Larry Horowitz

Nov 07, 2016

Councilmember Bornemann’s proposal is a vital step toward leveling the playing field for the average citizen interested in preserving Bellingham’s livability.

Attempting to influence a planning commission that is absolutely dominated by those who profit from endless development is one of the most frustrating experiences you can imagine.  We cannot continue to adopt policies and regulations that favor “growth for the sake of growth, at any cost.”

We deserve a more balanced and unbiased planning commission.  Mr. Bornemann’s proposed modification of the commission’s membership rules is an excellent way to accomplish that.  Every city throughout Oregon has been utilizing a similar rule for more than 40 years, and studies have proven that Oregon’s model is working the best.  This is not new; but it is essential.

We need this ordinance.  And Terry needs our support.  Please take a moment right now to email Council and let them know you support the ordinance that addresses planning commission bias. .(JavaScript must be enabled to view this email address)

If you can make one call, please call Councilmember Dan Hammill and leave a message on his councilmember phone: 778-8213.  Dan’s vote is critical.

This is a remarkable opportunity.  Let’s make sure we make the most of it.


Bill McCallum

Nov 09, 2016


The ordinance proposed by Terry Bornemann is unnecessary. The problem can be resolved by voting against a nomination.

Mr. Bornemann voted 10 times on the current members of the Planning Commisssion and didn’t oppose any of them. Three of the members, Tom Grinstad, Jeff Brown and Garrett O’Brien have been confirmed twice.




Larry Horowitz

Nov 09, 2016

Bill, please allow me to offer an analogy.  It’s not a perfect analogy, but I hope it illustrates my point.

We know that there is a 2-term limit on PC members.  Using your logic, we could eliminate the 2-term limit and allow Council to oppose an appointment for a third term.  Instead, we retain the 2-term limit because we understand the benefits of having new PC members on the commission and providing a certain level of PC membership turnover.

Similarly, we recognize the benefits of having a balanced and impartial planning commission and understand the need to limit the number of PC members who stand to profit from their decisions to a minority (three out of seven).  The Oregon legislature agreed that such a limit is wise and adopted similar legislation that has been in its current form for more than 40 years.  Every city in Oregon has followed this law for four decades.

We shouldn’t require Councilmembers to voluntarily vote against a nomination in order to prevent an imbalanced and biased planning commission.  We should establish a legal limit that prevents the PC from having the potential of institutional bias.  That is what this ordinance does.  It removes the possibility of human error and sets a legal limit.  Just like the 2-term limit does.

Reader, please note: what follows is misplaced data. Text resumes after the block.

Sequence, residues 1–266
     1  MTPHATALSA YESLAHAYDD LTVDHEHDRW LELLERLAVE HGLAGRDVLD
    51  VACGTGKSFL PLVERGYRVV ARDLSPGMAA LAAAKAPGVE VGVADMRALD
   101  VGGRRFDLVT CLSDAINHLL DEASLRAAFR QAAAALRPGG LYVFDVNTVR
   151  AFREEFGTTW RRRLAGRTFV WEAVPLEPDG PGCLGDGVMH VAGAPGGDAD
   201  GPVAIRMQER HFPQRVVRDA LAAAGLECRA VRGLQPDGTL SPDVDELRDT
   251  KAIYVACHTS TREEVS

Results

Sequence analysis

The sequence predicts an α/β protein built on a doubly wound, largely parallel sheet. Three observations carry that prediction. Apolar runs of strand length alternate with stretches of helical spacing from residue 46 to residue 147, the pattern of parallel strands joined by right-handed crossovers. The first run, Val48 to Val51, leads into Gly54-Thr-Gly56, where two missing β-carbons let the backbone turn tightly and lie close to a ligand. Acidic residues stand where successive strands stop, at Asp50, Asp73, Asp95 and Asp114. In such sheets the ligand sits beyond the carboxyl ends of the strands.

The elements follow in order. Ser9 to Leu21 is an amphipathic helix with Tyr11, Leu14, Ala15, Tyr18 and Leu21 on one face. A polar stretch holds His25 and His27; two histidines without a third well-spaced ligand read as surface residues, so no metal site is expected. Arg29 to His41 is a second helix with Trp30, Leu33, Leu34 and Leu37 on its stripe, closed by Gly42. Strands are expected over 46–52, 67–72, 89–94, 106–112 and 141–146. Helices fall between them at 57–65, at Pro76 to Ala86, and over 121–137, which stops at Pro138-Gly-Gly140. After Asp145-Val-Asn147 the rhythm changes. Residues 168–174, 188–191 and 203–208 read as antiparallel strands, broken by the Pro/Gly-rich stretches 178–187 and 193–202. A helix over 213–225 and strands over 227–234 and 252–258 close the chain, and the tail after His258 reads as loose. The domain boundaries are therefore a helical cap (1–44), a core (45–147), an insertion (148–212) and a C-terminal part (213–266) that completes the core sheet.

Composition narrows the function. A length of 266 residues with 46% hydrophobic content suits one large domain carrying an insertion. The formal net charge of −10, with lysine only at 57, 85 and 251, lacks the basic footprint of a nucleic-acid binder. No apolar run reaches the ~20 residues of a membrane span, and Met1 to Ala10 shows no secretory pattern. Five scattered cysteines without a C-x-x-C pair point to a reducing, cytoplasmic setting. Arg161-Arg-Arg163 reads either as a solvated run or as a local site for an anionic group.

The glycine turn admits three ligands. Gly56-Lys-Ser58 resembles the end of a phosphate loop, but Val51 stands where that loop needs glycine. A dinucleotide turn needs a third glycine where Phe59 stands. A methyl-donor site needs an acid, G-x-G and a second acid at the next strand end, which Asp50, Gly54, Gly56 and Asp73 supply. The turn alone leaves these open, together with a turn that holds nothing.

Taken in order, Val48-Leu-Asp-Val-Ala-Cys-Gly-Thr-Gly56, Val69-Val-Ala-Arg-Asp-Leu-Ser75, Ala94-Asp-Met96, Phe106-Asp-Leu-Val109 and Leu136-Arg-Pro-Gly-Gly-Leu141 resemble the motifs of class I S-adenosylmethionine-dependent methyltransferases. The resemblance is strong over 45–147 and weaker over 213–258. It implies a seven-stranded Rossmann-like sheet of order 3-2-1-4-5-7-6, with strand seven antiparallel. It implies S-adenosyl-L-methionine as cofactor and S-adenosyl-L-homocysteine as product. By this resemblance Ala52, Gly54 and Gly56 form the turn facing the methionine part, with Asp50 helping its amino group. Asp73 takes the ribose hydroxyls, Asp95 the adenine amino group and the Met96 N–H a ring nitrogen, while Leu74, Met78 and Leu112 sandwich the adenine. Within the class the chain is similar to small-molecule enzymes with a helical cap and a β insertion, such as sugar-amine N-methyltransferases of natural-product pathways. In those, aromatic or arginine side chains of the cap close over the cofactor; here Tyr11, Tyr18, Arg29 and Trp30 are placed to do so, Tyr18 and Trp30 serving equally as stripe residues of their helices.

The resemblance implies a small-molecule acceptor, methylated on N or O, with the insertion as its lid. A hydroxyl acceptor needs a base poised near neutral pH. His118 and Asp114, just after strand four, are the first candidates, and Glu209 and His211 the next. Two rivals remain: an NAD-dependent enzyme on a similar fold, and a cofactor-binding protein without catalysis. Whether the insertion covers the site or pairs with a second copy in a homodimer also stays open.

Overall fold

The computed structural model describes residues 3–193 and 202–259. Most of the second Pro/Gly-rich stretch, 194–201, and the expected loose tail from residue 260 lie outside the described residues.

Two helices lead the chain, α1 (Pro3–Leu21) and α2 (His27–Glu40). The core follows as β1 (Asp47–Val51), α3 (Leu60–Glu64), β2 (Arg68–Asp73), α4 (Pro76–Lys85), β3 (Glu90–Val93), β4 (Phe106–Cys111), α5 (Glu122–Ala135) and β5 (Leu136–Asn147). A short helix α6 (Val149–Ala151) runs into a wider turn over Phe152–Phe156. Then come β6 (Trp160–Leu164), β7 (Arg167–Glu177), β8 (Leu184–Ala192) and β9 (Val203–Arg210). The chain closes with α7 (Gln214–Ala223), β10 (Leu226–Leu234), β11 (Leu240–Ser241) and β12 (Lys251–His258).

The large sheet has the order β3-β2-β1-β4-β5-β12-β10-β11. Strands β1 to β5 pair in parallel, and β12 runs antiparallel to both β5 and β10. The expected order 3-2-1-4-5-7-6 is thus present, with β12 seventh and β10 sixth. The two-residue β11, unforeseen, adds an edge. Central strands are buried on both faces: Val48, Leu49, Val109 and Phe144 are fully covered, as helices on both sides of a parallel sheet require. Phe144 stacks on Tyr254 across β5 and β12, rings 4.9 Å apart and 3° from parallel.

John Lesow

Nov 11, 2016

Terry Bornemann’s proposed ordinance is long overdue.  I urge readers to support it and attend the Bellingham City Council meeting on Monday, November 14.

 My submission to Council follows:

Mayor Linville and Honorable Councilmembers:

I request that you support the referenced ordinance to address the public perception of occupational bias and ensure balance on the Bellingham Planning Commission.

I served two terms on the Whatcom County Planning Commission from 2005 to 2013.   From 2005 to 2007, the County Planning Commission held extensive public hearings on proposals to increase land areas and densities available for development in Bellingham’s Urban Fringe.  

As  County Planners, we had the opportunity to meet jointly with the Bellingham Planning Commission over the course of these hearings.   I observed first  hand the pro-development attitude of the Bellingham Planning Commission members, with the exception of Tom Barrett and David Auer.

I suggest it was the County Planning Commission that represented the positions of a large majority of Bellingham residents regarding environmental preservation and quality of life in  neighborhoods.  Particularly as they related to containing urban sprawl, the Caitac/Larrabee Springs project and the overambitious land use proposals for the Yew Street UGA.

County Planning Commission members are appointed by a majority vote of the Whatcom County Council.  Yours is appointed by the Mayor.  That should change.

The Bellingham City Council should take an active part in the choice of citizens that are tasked with the most predominant function of both City and County government.   Land Use.

At the time, our County Planning Commission consisted of 9 citizens from these diverse backgrounds:

—-One Orchard farmer and businessman

—-One Dairy farmer and businessman

—-One Sociology professor at Western

—-One realtor

—-One attorney

—-One Oyster farmer and business owner

—-One business owner specializing in the restoration and development of downtown Bellingham buildings

—-One County building contractor

—-One marketing manager for a manufacturer of material handling equipment

Of these (9) Planning Commissioners, only three could be categorized as being employed directly in the local construction and real estate business.

I can tell you from personal experience that this Planning Commission was efficient, effective and transparent.  Judging from the crowds at some of our meetings, which sometimes exceeded 100 citizens, I can confidently say that our Commission had a higher degree of public trust and support than previous—and subsequent—Planning Commissions.

I strongly urge that you pass Councilmember Bornemann’s ordinance and restore a balance that is now lacking in your present Planning Commission.

Thank you.

John Lesow